Children need literature that serves as a window onto lives and experiences different from their own, and literature that serves as a mirror reflecting themselves and their cultural values, attitudes and behaviors.
-Rudine Sims Bishop
The quote from Rudine Sims Bishop succinctly defines why multicultural children’s literature is important. Infopeople instructor Julie Ann Winkelstein continues, “Multicultural children’s literature acts as both a mirror and window into the lives of people from a spectrum of cultures.” Yet thinking about multicultural literature is a challenge. What do we mean by multicultural or diverse? How do we know when we’re making assumptions or what we’re missing? How do we know what we don’t know or don’t see or don’t even think about?
In her upcoming Infopeople course, Multicultural Children’s Literature, Winkelstein discusses these challenges and her approach:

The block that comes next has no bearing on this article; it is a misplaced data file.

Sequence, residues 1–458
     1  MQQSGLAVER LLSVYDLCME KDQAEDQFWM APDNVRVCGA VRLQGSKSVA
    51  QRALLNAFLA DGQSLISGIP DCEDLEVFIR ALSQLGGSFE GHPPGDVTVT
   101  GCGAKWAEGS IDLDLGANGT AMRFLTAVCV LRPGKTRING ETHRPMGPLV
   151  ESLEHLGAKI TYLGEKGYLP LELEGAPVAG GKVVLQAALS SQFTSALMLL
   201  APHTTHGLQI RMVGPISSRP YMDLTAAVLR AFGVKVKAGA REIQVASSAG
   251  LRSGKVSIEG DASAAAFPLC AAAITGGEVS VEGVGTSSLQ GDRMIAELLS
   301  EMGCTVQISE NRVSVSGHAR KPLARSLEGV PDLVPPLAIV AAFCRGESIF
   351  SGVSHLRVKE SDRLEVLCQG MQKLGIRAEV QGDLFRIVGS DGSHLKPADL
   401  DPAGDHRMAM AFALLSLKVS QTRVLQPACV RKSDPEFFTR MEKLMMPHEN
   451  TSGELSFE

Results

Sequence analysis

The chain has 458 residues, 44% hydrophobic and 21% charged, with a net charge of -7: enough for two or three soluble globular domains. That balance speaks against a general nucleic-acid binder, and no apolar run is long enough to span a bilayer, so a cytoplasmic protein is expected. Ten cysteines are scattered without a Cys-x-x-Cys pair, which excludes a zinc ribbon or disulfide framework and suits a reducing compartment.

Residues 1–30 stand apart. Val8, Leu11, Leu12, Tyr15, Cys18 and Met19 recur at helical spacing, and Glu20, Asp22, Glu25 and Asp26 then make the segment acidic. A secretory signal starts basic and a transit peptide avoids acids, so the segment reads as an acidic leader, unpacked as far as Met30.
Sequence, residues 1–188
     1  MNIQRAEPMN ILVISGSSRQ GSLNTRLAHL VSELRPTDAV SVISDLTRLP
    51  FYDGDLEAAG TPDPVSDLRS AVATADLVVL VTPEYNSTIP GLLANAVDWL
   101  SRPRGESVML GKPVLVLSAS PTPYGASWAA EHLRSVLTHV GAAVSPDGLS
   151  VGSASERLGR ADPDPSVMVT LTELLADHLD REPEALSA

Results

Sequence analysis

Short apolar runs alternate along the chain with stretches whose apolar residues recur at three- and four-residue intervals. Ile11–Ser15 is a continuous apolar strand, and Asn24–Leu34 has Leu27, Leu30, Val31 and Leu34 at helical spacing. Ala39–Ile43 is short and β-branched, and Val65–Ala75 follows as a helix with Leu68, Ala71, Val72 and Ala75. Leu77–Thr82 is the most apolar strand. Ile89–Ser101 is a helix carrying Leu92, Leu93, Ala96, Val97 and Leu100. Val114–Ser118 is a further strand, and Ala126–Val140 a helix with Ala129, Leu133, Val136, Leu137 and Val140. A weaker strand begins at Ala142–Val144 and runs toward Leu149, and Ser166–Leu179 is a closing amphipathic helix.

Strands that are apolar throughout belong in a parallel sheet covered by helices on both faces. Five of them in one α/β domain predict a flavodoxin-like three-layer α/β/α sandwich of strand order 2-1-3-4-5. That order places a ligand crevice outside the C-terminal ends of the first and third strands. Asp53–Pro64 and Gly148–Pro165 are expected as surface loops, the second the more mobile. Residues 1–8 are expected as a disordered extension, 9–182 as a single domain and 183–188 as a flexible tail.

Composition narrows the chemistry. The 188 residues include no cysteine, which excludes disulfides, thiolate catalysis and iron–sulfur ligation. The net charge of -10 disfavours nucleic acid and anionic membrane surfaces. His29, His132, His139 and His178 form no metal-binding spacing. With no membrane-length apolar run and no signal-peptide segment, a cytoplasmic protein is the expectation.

“Words like ‘diversity’ and ‘multicultural’ are not single-faceted. Instead, they encompass a large range of life experiences. Even though the topics for this course have been divided into specific cultural groups, this is for expediency and not because life is that simple. The groups I’ve selected represent common divisions, as well as cultural groups we may not think about when selecting children’s materials, such as body image, aging, appearance, and religion. Altogether these groupings offer an opportunity to examine a range of assumptions and stereotypes, both subtle and not so subtle. My hope is that this course will give learners more ways of looking and seeing, and that they will increase their understanding of other world views and experiences.”
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